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1/2 Dinar 1997, Jordan

in Krause book Number: 28b
Years of issue: 01.08.1997
Signatures: Governor of the Central Bank of Jordan: Dr. Ziyad Fariz, Minister of Finance: Marwan Awad
Serie: 1994-2002 Issue
Specimen of: 1992
Material: Cotton fiber
Size (mm): 131 x 62
Printer: TDLR (Thomas de la Rue & Company), London

* All pictures marked magnify are increased partially by magnifying glass, the remaining open in full size by clicking on the image.

** The word "Specimen" is present only on some of electronic pictures, in accordance with banknote images publication rules of appropriate banks.

1/2 Dinar 1997




The King of Jordan Hussein ibn Talal in the Keffiyeh.


1/2 Dinar 1997


The King of Jordan Hussein ibn Talal in the Keffiyeh.

Hussein bin Talal (Arabic: حسين بن طلال‎, Ḥusayn ibn Ṭalāl; 14 November 1935 – 7 February 1999) was King of Jordan from the abdication of his father, King Talal, on 11 August 1952, until his death in 1999. According to Hussein, he was a 40th-generation direct descendant of Muhammad as he belonged to the Hashemite family which has ruled Jordan since 1921.

He was born in Amman as the eldest child of Crown Prince Talal and his wife, Princess Zein Al-Sharaf. Hussein began his schooling in Amman, continuing his education abroad. Hussein was named crown prince after his father became king. When Talal was forced to abdicate by Parliament a year after he became king due to illness, a Regency Council was appointed until Hussein came of age. He was enthroned at the age of 17 on 2 May 1953. He was married four separate times and fathered eleven children: Princess Alia from Dina bint Abdul-Hamid; Abdullah II, Prince Faisal, Princess Aisha, and Princess Zein from Antoinette Gardiner; Princess Haya and Prince Ali from Alia Touqan; Prince Hamzah, Prince Hashim, Princess Iman, and Princess Raiyah from Lisa Halaby.

Hussein, a constitutional monarch, started his rule with what was termed a "liberal experiment", allowing, in 1956, the formation of the only democratically elected government in Jordan's history. A few months later, he forced that government to resign, declaring martial law and banning political parties. Jordan fought three wars with Israel under Hussein, including the 1967 Six Day War, which ended in Jordan's loss of the West Bank. In 1970 Hussein expelled Palestinian fighters (fedayeen) from Jordan after they had threatened the country's security in what became known as Black September. The King renounced ties to the West Bank in 1988 after the Palestine Liberation Organization was recognized internationally as the sole representative of the Palestinians. He lifted martial law and reintroduced elections in 1989 when riots over price hikes spread in southern Jordan. In 1994 he became the second Arab head of state to sign a peace treaty with Israel.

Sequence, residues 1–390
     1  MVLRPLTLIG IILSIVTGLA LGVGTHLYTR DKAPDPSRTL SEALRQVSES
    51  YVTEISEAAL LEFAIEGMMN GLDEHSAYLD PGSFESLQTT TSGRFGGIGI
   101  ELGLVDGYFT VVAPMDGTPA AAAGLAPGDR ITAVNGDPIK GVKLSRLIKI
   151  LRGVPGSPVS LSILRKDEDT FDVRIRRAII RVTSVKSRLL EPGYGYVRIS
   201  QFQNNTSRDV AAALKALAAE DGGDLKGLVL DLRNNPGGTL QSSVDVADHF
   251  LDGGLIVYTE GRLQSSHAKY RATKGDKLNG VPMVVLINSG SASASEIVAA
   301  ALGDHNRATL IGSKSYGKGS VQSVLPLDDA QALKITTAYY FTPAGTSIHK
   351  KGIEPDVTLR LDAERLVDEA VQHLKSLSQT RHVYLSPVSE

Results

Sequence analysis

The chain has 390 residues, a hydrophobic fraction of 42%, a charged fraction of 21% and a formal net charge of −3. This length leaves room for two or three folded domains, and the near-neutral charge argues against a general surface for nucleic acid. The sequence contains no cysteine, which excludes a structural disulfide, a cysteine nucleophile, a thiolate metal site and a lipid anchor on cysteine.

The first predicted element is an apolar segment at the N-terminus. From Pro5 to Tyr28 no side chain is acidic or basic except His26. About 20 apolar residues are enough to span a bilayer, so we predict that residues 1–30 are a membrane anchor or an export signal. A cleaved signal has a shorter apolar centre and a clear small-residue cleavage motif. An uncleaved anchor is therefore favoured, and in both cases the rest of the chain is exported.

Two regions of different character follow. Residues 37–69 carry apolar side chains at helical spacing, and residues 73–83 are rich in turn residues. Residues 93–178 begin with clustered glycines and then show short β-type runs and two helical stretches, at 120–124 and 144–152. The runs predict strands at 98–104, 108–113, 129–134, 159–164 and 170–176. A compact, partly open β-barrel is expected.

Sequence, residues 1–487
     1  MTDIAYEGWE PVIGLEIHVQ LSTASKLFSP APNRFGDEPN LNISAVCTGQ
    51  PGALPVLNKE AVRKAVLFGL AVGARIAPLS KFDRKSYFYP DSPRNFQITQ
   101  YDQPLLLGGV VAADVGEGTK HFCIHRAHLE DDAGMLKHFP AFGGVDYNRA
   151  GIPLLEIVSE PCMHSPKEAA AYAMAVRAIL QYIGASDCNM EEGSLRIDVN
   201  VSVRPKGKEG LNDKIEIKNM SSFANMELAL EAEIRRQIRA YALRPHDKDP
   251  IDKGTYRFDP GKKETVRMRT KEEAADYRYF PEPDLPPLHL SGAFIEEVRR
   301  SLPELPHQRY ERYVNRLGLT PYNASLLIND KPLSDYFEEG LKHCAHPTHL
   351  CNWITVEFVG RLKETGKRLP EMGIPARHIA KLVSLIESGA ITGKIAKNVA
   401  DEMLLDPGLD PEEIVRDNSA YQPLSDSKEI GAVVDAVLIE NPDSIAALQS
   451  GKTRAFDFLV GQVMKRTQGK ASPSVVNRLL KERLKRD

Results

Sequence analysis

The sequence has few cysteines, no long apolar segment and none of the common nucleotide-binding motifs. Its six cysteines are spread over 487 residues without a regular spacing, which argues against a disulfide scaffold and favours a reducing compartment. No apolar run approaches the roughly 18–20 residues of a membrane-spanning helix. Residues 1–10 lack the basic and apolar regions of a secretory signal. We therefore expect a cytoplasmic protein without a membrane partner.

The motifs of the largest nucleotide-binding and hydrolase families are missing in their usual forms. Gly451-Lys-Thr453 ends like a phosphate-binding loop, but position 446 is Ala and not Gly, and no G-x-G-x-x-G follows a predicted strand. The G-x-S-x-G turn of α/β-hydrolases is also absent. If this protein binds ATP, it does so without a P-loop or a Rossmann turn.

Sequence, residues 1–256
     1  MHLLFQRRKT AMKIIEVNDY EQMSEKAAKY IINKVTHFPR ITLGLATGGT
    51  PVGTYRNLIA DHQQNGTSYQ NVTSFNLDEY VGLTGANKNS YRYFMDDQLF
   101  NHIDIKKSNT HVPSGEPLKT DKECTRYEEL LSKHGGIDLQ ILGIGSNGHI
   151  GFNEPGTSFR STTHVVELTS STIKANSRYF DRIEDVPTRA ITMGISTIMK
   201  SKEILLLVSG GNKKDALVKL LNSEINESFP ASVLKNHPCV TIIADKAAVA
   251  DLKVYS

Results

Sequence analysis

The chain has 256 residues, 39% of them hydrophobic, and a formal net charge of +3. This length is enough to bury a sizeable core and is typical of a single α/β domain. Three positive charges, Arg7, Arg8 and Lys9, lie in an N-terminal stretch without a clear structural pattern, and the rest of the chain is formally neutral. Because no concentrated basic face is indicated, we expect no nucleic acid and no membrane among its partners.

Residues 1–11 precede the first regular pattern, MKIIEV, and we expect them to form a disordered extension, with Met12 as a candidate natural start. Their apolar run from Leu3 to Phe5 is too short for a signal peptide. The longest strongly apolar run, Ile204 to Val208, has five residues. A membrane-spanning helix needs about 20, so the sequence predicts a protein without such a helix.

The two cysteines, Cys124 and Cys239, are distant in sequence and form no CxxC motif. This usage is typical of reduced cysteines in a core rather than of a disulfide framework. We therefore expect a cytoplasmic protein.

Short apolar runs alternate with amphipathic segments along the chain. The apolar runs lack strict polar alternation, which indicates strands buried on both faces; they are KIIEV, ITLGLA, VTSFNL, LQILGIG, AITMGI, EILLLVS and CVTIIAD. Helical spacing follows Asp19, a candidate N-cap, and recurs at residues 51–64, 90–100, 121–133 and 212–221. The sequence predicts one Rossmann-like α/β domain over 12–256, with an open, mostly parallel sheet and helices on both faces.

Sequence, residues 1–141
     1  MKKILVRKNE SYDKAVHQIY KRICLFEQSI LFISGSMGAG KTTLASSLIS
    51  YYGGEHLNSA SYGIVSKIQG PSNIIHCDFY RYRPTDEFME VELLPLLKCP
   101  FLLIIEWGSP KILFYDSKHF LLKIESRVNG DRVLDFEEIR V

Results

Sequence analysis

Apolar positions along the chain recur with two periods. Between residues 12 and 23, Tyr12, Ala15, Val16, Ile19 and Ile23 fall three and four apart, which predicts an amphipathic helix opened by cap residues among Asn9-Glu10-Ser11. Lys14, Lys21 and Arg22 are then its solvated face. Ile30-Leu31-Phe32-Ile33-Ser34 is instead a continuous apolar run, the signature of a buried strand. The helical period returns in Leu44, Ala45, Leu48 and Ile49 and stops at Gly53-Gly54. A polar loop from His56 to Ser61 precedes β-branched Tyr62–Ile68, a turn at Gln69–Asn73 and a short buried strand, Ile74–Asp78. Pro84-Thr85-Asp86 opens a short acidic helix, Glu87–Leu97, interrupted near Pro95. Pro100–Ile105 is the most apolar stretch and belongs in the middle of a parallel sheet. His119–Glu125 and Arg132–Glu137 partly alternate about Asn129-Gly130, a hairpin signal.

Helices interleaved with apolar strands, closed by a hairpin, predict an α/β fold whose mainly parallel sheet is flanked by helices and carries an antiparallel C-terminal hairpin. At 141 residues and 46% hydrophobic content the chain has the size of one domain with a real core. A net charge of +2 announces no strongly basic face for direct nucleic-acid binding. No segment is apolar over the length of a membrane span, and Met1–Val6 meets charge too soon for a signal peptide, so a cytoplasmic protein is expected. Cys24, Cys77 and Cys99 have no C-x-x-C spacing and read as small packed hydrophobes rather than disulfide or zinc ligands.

In 1952, when he was a 17-year old schoolboy, Hussein became king to a young nation that included the then Jordanian-controlled West Bank. The country had few natural resources, and a large Palestinian refugee population as a result of the 1948 Arab–Israeli War. Hussein led his country through four turbulent decades of the Arab–Israeli conflict and the Cold War, successfully balancing pressures from Arab nationalists, Soviet Union, Western countries, and Israel, transforming Jordan by the end of his 46-year reign to a stable modern state. After 1967 he increasingly engaged in efforts to solve the Palestinian problem, he also acted as conciliatory intermediate between various Middle Eastern rivals; Hussein came to be seen as the Middle East's peacemaker. He was revered for pardoning political dissidents and opponents, and giving them senior posts in the government. Hussein, who survived dozens of assassination attempts and plots to overthrow him, was the region's longest-reigning leader. The King died at the age of 63 from cancer on 7 February 1999. His funeral at the time, was the largest gathering of world leaders since 1995. He was succeeded by his eldest son Abdullah II.